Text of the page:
A3. Spatial predictive modelling: model/feature selection and predictive accuracy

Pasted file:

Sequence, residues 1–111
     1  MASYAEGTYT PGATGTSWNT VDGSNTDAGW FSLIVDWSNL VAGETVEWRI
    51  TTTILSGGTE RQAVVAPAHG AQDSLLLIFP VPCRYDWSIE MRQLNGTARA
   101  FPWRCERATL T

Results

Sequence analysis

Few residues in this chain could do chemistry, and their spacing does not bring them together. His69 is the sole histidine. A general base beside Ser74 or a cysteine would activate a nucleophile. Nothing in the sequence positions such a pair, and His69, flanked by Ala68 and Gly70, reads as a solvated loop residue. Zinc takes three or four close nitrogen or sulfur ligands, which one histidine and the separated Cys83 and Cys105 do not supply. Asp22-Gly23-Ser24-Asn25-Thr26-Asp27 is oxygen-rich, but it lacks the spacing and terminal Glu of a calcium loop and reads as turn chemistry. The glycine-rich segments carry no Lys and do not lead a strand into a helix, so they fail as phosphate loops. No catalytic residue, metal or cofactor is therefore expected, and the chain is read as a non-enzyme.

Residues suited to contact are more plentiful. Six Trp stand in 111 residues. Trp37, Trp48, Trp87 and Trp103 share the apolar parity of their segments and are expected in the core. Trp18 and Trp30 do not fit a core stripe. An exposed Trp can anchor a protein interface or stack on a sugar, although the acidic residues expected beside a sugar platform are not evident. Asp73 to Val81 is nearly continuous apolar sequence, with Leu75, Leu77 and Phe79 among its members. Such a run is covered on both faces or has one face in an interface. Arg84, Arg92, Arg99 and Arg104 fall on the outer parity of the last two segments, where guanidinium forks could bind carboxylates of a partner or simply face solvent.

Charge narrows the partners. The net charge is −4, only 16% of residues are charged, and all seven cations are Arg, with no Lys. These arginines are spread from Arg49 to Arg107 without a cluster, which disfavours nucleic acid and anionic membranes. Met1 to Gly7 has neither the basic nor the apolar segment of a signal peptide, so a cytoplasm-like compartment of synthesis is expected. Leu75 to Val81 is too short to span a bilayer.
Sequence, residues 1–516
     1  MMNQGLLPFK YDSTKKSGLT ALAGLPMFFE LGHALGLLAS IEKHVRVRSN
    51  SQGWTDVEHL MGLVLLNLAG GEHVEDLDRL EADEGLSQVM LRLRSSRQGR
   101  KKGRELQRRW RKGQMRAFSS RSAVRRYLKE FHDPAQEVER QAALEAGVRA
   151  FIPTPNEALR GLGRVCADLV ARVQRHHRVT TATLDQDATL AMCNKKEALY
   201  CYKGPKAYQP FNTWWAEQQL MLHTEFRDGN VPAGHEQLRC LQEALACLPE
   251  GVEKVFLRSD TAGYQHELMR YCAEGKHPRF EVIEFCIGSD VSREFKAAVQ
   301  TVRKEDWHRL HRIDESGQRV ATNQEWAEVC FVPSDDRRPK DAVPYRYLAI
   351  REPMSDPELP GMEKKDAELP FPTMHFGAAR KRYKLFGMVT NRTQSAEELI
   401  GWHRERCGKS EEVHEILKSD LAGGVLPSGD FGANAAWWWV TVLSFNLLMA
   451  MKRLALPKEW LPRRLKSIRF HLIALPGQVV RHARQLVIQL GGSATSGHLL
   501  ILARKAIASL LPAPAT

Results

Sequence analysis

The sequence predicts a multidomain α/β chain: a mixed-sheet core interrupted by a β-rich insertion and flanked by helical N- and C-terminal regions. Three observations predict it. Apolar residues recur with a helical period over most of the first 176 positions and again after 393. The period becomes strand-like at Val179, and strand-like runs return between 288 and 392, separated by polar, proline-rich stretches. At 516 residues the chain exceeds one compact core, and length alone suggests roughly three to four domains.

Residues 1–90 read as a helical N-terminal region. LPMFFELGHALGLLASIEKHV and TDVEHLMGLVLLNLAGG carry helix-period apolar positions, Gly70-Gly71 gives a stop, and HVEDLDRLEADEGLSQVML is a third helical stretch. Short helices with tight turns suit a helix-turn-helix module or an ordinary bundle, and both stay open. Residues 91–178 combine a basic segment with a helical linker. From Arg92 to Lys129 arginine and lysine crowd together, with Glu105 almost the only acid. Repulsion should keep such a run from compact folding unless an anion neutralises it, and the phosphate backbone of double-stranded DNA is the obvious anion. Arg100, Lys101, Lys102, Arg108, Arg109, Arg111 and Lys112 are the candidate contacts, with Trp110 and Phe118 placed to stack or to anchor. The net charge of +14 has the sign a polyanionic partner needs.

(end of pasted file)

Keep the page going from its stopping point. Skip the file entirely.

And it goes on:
Spatial predictions including spatially continuous data play a significant role in planning, risk assessment and decision making in environmental management and conservation, and become increasingly required as geographic information systems and modelling techniques are becoming powerful tools in natural resource management and conservation. They are, however, usually not readily available and often difficult and expensive to acquire, especially for vast, mountainous or deep marine regions. Therefore, spatial predictive modelling methods are essential for generating such spatially continuous data. Because of the rapid development in and application of remote sensing in both terrestrial and marine environments, increasingly more environmental variables become available for spatial predictive modelling. This presents an opportunity for scientists to develop and improve their predictive models, but also presents a challenge to select the best set of predictors from a large number of variables to develop an optimal predictive model. Hence spatial predictive modelling is a rapidly developing area, including such as development of novel modelling methods/algorithms, new applications of the existing methods, model selection and predictive model assessment. Therefore, scientists are encouraged to submit their findings in using various predictive modelling methods (e.g. geostatistics, machine learning methods, modern statistics, or novel modelling methods), especially on model/feature selection and improvement of predictive accuracy, with an application case in environmental sciences.